Skip to comments.Judge says it's OK to use your seized phone to impersonate you and entrap your friends
Posted on 07/24/2012 8:56:18 PM PDT by carenot
A federal judge has upheld the practice of police using seized phones to impersonate their owners, reading messages and sending sending entrapping replies to contacts in the phone's memory, without a warrant. The judge reasoned that constitutional privacy rights don't apply to messages if they appear on a seized device -- even if the messages originated with someone who has not been arrested or is under suspicion of any crime:A federal appeals court held that the pager owner's Fourth Amendment rights against unreasonable search and seizure were not violated because the pager is "nothing more than a contemporary receptacle for telephone numbers," akin to an address book. The court also held that someone who sends his phone number to a pager has no reasonable expectation of privacy because he can't be sure that the pager will be in the hands of its owner.
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There is no information behind this article.
Who, what, where, when, why, how?
Somebody did something somewhere just because somehow.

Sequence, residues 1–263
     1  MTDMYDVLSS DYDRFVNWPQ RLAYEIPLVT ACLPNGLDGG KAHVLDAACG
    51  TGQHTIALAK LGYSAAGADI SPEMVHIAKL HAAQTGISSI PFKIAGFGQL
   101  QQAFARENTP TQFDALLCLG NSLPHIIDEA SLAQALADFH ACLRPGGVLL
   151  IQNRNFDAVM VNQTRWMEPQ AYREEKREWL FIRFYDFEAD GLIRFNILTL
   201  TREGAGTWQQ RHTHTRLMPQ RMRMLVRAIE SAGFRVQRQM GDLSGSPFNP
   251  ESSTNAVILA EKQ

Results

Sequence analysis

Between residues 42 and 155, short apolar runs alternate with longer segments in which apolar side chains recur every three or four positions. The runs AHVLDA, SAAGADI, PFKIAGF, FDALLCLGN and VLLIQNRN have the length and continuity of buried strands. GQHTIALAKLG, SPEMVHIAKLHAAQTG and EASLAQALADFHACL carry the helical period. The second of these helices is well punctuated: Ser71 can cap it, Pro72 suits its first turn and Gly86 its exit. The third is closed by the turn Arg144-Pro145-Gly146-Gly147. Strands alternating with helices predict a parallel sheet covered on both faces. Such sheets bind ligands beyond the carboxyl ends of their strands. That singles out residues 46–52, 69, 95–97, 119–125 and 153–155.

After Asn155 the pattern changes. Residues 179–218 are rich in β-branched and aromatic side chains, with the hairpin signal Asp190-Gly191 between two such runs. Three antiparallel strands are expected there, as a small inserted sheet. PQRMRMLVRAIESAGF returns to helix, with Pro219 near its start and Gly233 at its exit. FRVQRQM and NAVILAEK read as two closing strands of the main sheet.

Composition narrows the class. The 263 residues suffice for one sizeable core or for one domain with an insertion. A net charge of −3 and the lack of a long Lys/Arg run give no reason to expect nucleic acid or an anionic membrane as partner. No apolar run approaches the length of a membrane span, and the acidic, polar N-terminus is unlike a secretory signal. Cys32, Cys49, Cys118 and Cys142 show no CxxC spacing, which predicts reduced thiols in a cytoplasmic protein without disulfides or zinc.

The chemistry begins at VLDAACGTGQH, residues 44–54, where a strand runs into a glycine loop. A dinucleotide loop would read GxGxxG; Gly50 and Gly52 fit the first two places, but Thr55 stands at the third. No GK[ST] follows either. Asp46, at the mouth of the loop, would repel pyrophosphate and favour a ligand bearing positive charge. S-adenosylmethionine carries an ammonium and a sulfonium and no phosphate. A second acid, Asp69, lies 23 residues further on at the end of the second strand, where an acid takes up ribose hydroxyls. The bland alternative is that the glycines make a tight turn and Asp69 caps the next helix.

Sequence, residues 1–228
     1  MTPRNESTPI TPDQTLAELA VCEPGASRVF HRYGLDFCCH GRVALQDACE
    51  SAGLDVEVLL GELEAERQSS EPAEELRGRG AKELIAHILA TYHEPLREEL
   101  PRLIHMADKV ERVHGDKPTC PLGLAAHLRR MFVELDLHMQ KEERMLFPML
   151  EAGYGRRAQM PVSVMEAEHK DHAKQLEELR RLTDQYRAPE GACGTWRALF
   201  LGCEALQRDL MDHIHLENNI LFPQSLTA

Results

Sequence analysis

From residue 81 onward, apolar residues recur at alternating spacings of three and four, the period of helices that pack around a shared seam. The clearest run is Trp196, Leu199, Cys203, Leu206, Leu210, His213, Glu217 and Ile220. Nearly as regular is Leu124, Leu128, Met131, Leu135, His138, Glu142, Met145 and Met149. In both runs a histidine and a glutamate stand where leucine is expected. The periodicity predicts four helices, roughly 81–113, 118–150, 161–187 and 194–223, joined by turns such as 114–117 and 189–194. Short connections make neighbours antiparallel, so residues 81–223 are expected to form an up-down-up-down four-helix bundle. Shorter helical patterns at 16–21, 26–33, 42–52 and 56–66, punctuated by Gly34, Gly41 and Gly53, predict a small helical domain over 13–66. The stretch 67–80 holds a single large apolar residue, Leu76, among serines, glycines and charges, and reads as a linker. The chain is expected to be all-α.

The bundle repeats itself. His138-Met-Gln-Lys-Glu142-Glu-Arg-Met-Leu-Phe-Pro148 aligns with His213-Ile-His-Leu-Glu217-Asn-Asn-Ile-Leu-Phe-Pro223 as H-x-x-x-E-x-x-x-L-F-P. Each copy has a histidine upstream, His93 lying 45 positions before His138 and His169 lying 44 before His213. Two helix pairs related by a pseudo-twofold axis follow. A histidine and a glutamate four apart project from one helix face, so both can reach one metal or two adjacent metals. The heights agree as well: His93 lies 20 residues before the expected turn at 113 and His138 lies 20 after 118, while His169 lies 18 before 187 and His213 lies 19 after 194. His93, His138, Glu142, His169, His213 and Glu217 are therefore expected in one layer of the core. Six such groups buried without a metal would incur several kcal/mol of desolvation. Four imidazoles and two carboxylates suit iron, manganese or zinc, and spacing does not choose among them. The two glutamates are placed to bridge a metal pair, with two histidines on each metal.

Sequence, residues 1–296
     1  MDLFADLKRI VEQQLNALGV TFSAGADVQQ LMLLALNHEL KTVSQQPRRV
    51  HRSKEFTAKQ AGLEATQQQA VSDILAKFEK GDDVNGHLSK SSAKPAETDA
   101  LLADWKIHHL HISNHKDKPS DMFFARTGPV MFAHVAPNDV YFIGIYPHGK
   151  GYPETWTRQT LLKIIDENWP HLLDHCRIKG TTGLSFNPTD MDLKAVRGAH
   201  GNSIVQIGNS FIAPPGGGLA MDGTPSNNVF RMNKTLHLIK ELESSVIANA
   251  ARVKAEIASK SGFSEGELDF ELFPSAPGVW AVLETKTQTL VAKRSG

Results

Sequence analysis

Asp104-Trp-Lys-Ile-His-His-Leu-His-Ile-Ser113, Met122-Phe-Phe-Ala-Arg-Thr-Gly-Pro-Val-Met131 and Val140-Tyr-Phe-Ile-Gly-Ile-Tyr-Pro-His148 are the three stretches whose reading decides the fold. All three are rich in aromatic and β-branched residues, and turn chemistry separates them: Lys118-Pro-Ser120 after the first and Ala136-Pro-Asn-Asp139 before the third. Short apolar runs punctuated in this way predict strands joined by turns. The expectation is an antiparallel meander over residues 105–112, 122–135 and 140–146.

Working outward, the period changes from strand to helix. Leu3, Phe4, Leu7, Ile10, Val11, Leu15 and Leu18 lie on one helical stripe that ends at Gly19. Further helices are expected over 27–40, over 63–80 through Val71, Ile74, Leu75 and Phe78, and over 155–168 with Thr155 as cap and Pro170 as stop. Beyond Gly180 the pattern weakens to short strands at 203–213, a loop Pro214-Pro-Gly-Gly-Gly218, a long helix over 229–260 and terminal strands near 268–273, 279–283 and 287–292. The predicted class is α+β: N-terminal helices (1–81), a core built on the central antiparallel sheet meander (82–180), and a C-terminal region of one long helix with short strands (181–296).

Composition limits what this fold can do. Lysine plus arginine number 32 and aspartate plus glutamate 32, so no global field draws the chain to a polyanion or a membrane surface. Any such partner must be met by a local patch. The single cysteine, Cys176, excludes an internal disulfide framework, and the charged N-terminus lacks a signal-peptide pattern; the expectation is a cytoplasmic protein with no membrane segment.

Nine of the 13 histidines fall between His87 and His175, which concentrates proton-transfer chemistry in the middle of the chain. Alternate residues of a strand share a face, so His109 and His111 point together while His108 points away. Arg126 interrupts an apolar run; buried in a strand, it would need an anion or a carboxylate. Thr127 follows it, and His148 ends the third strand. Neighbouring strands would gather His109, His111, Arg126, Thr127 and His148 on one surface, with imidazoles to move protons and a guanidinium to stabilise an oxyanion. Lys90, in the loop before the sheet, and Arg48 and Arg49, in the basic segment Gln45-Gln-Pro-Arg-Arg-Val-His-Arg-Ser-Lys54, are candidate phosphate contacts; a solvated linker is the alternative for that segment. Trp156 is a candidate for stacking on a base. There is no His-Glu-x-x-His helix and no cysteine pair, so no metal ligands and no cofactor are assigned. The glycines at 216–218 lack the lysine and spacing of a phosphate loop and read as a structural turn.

...probably...or maybe not. Maybe it’s a trick article.
Who is the federal judge.
What is upholding sneaky rat-bastard perversion of the 4th Amendment.
Where is not so clear, but federal.
When is now.
Why is based on specious reasoning based on unclear understanding of the difference between messaging and pagers.
How is because the judge can.
Sorry I didn't research before posting. I don't remember how I happened on the site.
If the supposed sender of the texts/emails is not who it is, how can they prove that the one who replied is who they think it is?
Turnabout is fair play.
State judge, not Federal judge.
How about cops can shoot felony stupid and stop shooting dogs and law abiding citizens? I’m okay with that.
Felony stupid (as opposed to misdemeanor ignorance) is shot.
When they don’t need a warrent to do this, there is no reason for a who, what, why, where, and when.
If the article is correct and if I understand it correctly, the judge claimed that the police can take your phone and send messages to your contacts in a effort to set you and them up for crimes if they choose to do it. No warrent necessary. I would guess they need cause to take your phone and that is handled with an arrest.
Interesting logic here...
I imagine that if this is upheld then the numbers of people using these devices might just plummet.
It’s only one more step to make it legal for the police to just handle both sides of a text conversation and use that as evidence in a ‘kangaroo’ trial to bring about convictions.